Note:  Do not rely on this information. It is very old.


Disinfectants. A distinction is often drawn between a disinfectant and an antiseptic (q.v.). The former is said to destroy, the latter only to arrest the development of germs. Thus all chemical disinfectants may by dilution be converted into antiseptics; but, on the other hand, it is most important that in the process of disinfection reliance should not be placed upon a mere antiseptic substance. Heat is the most reliable disinfectant.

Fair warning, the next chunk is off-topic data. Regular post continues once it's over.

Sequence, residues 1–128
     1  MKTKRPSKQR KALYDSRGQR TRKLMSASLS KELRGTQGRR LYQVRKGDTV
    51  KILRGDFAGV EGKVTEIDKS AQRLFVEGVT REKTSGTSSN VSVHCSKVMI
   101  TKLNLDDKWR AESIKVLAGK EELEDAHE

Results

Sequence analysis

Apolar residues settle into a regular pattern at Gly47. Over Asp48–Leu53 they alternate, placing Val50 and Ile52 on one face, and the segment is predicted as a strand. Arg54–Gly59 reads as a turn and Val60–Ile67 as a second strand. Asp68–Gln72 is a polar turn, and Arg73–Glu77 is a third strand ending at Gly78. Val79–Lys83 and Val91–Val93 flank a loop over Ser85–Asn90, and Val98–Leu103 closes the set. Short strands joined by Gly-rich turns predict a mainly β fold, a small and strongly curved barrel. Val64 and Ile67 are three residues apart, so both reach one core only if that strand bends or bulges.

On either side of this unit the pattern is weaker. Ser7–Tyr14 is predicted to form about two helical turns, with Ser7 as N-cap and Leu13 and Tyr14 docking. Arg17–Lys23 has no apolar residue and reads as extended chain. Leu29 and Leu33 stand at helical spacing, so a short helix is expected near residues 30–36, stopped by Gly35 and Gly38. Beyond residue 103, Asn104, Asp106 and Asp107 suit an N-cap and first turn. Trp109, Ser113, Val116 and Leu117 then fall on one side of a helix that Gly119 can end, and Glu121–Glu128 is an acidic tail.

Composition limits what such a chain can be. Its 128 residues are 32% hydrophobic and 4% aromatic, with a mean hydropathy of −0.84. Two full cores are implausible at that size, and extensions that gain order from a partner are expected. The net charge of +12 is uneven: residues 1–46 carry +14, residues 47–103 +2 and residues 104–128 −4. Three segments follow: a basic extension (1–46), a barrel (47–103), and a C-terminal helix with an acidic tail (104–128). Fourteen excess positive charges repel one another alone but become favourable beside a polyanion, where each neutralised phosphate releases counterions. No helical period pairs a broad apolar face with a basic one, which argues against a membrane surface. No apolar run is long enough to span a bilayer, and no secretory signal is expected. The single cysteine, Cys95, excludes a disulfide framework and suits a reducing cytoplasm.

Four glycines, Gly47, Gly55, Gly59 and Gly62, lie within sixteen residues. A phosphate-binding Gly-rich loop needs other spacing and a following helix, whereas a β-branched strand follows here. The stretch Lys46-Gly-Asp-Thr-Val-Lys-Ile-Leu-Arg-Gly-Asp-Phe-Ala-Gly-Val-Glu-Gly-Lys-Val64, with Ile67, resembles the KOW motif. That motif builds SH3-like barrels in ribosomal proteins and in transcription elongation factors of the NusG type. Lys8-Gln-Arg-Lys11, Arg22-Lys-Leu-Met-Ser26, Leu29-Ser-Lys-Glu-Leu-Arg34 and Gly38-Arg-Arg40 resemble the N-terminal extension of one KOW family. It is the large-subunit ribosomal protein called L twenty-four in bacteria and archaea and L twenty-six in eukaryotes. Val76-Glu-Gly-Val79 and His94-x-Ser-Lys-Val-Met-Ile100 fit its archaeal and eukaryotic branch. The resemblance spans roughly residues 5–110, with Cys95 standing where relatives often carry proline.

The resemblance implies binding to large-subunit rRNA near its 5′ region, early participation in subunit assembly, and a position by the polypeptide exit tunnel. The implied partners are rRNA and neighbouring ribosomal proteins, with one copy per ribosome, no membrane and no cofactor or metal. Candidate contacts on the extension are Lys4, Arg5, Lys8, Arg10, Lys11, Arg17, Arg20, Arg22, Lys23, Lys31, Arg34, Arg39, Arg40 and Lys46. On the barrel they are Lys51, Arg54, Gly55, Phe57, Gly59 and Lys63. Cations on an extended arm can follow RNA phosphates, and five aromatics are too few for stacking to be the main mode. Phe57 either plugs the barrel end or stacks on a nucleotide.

Distinction must be carefully drawn between dry heat and moist heat. No form of bacterial life can withstand for many minutes the action of boiling water. Dry heat of like degree, to prove equally efficacious, must be allowed to act for a longer time. In the disinfection of clothing, heat in some form or other is applied. The best plan is to adopt some kind of steam-heating, and there are several forms of such apparatus now in the market. Steam possesses great penetrating power, and is much more reliable than is mere dry heat. Among chemical disinfectants perchloride of mercury takes the first rank. Its application to any article which is too valuable to destroy is, however, but limited. It is invaluable for the disinfection of morbid discharges, such as cholera-stools and the like. Carbolic acid is a much less powerful disinfectant than is the chloride of mercury, and to be effectual it should be used liberally and in concentration. Condy's fluid and the like are merely antiseptics, and are not to be relied upon where actual disinfection is requisite. In the disinfection of rooms, etc., sulphurous acid gas is commonly employed, this gas being generated by the ignition of flowers of sulphur. This method requires very thorough carrying out to be effectual. Chlorine gas is probably more reliable.